Fukushima will always have a special place in Tsubasa Endoh’s heart.

Though he was born in Tokyo, the Terrapins men’s soccer midfielder spent five years in Fukushima — the capital of the prefecture with the same name in northern Japan — playing for his club team, JFA Academy Fukushima. Endoh lived away from his family during middle school and into high school, but the people of Fukushima welcomed him with open arms.

It became his new home, and the residents of Fukushima were his second family. But at 2:46 p.m. on March 11, 2011, Endoh’s world came crashing down around him — literally.

Endoh was practicing with his team when a 9.0 magnitude earthquake struck 231 miles northeast of Tokyo, spreading catastrophe and chaos throughout the small island nation. He and his teammates were forced to leave their home prefecture — the Japanese equivalent of a state — because of the immense destruction and potential radiation from a nuclear meltdown at the nearby Fukushima Daiichi nuclear power plant.

No longer having a place to call its own, the JFA Academy bounced around Japan. Eventually, the group settled in the Shizuoka Prefecture, where they lived and played for a year. But in spring 2012, Endoh said goodbye to his devastated home country and arrived in College Park.

Yet he will never forget the people of Fukushima who accepted him into the community without hesitation when he was young, scared and in a new place, Endoh said last week.

He is now continuing his journey to become a professional soccer player clad in black, yellow, red and white with the Terps, who take on Virginia tonight in Charlottesville, Va. One day, though, he hopes to sport a Japanese national team jersey and provide a glimmer of hope for the thousands of people still struggling with destruction in Fukushima.

“I was appreciated by their people,” Endoh said. “I literally love it over there. Everyone is so kind to us because we play soccer, and we try to contribute to them by playing soccer.”

FATEFUL DAY

It was a typically sunny day in early March, and Endoh was training again with JFA Academy.

The midfielder always enjoyed himself on that soccer field, surrounded by towering light fixtures not unlike those bordering the practice field in College Park. It was a haven, a place where he could escape the stress of daily life, focus his mind and enjoy the company of his teammates.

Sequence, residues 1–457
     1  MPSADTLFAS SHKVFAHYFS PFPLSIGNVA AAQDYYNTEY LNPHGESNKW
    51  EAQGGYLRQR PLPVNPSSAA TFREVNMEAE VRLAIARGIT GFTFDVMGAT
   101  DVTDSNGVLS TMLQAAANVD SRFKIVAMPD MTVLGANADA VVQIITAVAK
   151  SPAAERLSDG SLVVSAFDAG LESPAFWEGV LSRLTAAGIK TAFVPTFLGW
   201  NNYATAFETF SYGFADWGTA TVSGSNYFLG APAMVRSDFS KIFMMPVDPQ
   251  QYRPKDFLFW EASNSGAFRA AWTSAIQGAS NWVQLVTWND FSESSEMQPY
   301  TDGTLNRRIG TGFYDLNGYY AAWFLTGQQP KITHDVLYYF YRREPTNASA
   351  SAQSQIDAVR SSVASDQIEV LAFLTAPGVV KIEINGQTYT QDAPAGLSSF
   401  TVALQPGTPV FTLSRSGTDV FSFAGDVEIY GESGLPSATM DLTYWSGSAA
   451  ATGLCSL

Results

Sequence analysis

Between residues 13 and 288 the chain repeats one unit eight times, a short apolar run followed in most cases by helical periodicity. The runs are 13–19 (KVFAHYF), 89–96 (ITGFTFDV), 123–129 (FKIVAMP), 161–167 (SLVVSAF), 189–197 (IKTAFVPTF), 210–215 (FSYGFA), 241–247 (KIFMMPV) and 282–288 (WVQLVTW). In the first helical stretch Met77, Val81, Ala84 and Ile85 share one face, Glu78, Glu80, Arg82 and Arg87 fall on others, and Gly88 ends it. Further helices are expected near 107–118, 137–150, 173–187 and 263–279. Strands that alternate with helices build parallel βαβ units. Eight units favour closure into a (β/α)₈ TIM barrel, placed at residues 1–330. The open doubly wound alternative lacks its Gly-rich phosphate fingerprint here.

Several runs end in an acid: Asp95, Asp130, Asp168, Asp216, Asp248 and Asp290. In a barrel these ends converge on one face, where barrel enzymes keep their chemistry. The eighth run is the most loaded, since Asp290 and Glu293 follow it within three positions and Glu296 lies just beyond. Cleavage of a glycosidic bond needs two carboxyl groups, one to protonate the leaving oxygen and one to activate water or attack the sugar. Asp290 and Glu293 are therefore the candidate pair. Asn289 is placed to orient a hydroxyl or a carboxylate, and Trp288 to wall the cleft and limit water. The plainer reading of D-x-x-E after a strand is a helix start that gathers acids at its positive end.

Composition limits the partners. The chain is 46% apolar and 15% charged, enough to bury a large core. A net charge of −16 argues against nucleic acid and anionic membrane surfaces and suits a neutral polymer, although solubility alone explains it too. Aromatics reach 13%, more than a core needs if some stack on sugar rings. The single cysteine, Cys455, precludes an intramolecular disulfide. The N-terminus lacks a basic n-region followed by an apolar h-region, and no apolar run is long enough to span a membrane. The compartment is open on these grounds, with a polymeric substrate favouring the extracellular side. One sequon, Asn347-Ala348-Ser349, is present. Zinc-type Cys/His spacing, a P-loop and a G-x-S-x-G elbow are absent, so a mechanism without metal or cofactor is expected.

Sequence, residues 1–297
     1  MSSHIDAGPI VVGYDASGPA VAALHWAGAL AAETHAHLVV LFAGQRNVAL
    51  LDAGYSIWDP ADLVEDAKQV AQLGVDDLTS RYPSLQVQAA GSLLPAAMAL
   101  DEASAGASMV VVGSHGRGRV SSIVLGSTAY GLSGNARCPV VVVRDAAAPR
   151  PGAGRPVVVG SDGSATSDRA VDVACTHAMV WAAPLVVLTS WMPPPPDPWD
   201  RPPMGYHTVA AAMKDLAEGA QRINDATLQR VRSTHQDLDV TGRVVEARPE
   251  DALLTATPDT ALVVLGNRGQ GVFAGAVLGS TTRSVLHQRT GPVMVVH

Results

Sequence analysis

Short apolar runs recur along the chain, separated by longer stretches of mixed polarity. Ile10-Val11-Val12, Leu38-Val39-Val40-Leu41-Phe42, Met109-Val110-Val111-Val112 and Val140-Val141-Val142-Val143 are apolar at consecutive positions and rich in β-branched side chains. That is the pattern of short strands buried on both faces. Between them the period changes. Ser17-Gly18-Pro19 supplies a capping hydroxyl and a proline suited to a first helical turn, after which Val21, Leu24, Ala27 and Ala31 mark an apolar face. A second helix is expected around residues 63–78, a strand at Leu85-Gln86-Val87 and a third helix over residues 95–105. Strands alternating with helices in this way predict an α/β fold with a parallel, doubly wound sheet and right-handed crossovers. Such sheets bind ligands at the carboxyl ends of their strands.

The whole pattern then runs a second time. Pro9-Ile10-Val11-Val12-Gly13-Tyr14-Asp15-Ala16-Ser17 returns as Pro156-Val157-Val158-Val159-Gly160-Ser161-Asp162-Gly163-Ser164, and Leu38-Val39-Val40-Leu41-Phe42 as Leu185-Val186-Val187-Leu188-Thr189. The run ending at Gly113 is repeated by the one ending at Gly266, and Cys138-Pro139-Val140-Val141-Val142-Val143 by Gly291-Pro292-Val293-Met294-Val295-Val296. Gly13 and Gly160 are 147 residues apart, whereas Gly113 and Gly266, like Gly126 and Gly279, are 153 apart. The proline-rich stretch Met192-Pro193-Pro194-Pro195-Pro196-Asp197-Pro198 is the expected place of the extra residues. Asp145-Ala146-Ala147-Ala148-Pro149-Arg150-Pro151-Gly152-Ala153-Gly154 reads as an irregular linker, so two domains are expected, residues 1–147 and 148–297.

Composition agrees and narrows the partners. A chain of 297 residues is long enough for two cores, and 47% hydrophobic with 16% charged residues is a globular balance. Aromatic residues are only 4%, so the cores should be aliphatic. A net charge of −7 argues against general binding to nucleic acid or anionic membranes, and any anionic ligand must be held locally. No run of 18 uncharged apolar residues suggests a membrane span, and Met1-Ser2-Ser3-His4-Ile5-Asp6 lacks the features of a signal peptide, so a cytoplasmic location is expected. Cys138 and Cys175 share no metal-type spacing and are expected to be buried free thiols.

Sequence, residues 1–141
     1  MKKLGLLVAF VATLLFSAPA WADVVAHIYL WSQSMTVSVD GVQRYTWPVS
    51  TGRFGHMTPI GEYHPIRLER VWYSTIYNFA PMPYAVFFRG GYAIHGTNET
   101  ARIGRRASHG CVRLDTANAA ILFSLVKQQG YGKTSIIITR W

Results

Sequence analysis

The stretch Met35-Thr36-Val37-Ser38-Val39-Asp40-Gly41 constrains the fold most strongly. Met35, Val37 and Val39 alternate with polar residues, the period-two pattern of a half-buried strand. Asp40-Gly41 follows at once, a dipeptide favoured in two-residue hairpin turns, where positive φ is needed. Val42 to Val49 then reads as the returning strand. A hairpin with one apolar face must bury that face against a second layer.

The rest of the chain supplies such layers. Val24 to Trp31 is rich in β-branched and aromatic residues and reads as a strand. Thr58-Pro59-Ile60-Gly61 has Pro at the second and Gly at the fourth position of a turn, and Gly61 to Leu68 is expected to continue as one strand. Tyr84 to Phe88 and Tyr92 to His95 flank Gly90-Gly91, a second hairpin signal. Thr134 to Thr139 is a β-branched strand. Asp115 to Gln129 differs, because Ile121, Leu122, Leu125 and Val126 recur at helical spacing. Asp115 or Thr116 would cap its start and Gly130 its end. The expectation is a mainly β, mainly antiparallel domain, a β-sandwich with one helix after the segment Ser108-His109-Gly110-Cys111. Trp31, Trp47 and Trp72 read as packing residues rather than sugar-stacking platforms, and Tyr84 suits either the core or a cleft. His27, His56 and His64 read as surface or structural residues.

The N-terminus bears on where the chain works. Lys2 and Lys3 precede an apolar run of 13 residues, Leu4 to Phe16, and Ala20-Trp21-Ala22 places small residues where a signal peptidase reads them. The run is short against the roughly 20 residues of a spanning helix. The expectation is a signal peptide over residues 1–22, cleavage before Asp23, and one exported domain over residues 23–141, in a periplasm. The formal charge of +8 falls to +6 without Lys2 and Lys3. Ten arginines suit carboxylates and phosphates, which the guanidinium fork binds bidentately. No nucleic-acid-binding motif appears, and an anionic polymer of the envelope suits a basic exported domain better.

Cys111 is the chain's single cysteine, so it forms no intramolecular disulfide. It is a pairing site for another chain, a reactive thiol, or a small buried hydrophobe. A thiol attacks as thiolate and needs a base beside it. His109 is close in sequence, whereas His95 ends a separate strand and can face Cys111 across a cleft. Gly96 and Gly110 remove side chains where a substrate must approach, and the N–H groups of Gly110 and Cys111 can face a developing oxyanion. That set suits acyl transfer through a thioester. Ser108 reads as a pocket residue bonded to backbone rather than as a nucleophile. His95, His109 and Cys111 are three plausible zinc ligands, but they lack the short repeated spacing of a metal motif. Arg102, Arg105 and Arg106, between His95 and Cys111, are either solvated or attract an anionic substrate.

In an instant, though, his sanctuary became a disaster zone and a typical day became tragic, as the fifth-most powerful earthquake ever recorded slammed the coast.

On the field where he once ran for his love of the game, Endoh now ran to save his life.

“We just got together in the center circle,” Endoh said. “We just sat there.”

(Click to enlarge)

Endoh pull quote 1
Endoh pull quote 1

The group huddled in an attempt to wait out the massive tremors and then escaped back to their dormitory, which was close to the field. They spent the night inside with no idea of what was occurring outside — light fixtures collapsing, walls crumbling and entire houses collapsing.

The next morning, Endoh and his teammates emerged from safety to find wreckage unlike anything they’d seen before.

“I saw a public road that was destroyed,” Endoh said. “That was crazy.”

The team had no choice but to leave its beloved field — and city — behind. The Daiichi nuclear power plant, about a two-hour drive from Fukushima, was melting down due to equipment failures from the earthquake and the ensuing tsunami, releasing toxic radiation into the air.

It was the first nuclear catastrophe since Russia’s Chernobyl meltdown in 1986 to reach Level 7 — the highest level — on the International Nuclear and Radiological Event Scale, indicating a major disaster.

“With radiation, you can’t see anything,” Endoh said. “It’s an invisible enemy. We can’t do anything about it, so we just tried to escape from that place.”

Endoh and his teammates traveled an hour and a half — in the hectic aftermath, he doesn’t remember where, exactly — to escape the radiation, arriving at a gym that had been converted into a refugee camp for victims. They spent two days there without any food, crowded by the influx of people who had been driven from their homes.